LONDON (Reuters) -David Cameron, the former British Prime Minister, said on Thursday he was not motivated by his own financial interest when he lobbied government on behalf of the now-collapsed supply chain finance firm Greensill Capital.
Although Cameron’s extensive lobbying efforts did not result in policy changes, they have raised questions about the extent to which former British leaders can or should use their status to try to influence government policy.
Cameron declined to say how much he was paid by Greensill, or how much he would have made from shares he owned if the business had prospered, but said he had “a big economic investment” in its future and wanted the business to succeed.
“I was paid an annual amount, a generous annual amount, far more than I earned as prime minister,” he told the House of Commons’ Treasury Committee.
When he left office in 2016, Cameron was entitled to a salary of just over 150,000 pounds ($210,570).
Asked if it was fear of losing out on financial gains that motivated him to contact ministers, Cameron said: “That is not what I felt at the time, and it is not what motivated me.”
He said he was motivated by, and believed in, Greensill’s ability to help other businesses and the country during the early stages of the pandemic.
Cameron repeatedly contacted senior ministers over a four-month period in 2020 to lobby for Greensill, which filed for insolvency protection in March, documents published on Tuesday showed.
He said he thought his use of SMS and WhatsApp messages was appropriate given the severity of the COVID-19 crisis, but that different rules could apply in the future.
“One of the lessons I take away is ex-prime ministers should only ever use letter or email, and should restrict themselves far more,” he said.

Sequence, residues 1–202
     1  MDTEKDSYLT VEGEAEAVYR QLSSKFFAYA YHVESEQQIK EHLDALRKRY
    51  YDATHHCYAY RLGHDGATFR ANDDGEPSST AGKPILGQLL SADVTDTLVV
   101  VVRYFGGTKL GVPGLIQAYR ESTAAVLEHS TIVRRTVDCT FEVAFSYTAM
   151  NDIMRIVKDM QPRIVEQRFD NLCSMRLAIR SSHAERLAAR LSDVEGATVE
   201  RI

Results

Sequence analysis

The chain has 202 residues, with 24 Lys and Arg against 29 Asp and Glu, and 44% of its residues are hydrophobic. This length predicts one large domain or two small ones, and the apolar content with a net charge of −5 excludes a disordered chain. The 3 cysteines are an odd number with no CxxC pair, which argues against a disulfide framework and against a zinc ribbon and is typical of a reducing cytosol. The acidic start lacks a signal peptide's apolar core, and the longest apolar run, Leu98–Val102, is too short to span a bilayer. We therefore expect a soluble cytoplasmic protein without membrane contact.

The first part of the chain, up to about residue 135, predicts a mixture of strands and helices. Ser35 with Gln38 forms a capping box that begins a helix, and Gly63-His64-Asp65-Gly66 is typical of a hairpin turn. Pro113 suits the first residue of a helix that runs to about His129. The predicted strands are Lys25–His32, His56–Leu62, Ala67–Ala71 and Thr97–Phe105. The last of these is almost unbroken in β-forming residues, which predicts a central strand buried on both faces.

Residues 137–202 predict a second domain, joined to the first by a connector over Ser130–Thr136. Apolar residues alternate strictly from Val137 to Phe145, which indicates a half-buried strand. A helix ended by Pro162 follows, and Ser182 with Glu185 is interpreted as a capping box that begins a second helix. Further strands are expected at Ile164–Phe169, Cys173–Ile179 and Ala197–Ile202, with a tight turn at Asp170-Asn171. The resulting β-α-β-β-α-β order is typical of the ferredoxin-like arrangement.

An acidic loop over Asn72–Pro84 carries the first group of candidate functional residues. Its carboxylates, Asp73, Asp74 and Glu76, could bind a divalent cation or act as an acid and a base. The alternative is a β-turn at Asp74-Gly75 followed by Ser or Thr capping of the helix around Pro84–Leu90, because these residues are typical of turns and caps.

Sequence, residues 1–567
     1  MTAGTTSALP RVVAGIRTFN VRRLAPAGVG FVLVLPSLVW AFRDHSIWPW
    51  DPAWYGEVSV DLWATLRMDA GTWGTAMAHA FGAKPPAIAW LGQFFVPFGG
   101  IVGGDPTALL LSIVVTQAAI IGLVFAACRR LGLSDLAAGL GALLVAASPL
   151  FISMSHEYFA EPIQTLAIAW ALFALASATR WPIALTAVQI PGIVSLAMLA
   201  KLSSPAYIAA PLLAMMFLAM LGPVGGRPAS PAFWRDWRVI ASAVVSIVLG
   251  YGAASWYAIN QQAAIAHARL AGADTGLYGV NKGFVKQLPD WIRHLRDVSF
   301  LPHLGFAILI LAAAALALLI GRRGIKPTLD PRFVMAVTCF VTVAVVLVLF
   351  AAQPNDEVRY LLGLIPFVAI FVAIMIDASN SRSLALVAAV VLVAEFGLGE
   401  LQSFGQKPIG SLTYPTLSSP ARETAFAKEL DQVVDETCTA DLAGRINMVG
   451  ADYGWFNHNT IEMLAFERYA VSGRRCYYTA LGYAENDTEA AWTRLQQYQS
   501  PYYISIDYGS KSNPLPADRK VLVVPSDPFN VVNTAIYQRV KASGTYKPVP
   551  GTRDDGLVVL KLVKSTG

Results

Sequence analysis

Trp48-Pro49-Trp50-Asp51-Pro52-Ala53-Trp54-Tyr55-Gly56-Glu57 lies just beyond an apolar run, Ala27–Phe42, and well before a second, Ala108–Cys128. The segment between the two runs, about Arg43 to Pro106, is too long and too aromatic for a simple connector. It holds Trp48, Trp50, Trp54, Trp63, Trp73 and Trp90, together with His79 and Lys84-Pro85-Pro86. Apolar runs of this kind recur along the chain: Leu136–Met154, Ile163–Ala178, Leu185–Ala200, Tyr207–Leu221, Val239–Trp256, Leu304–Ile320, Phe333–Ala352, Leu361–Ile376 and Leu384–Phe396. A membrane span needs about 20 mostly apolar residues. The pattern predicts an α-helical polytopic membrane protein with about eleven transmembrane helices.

Cameron, who was Britain’s prime minister between 2010 and 2016, said it was difficult for him to have to face parliamentary scrutiny over Greensill’s collapse.
“This is a painful day coming back to a place that I love and respect so much, albeit virtually, but in these circumstances,” he said.
“Lobbying itself is a necessary and healthy part of our democratic process, but I accept that there’s a strong argument that having a former prime minister, engage on behalf of any commercial interest, no matter how laudable the motives and cause, can be open to misinterpretation,” he said.
Cameron was lobbying the government to allow Greensill, founded by Australian banker Lex Greensill in 2011, to access a COVID-19 financing scheme.
The Bank of England said in April that no changes were made to the Covid Corporate Financing Facility as a result of communication between Cameron and Bank officials.
Cameron told a committee investigation into the firm’s collapse and its interactions with government, that he had not been hired by Greensill as a lobbyist, but the situation changed at the start of the pandemic.
At the time he was lobbying ministers, Cameron said he had no sense that Greensill was in difficulty.
“I did not believe in March or April, when I was doing this contact, that there was a risk of Greensill falling over,” he said.
Cameron stepped down as prime minister in 2016 after he unexpectedly lost a referendum on whether Britain should remain in the European Union.
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(Additional reporting by Andy Bruce and David Milliken; Editing by Michael Holden and Alexander Smith)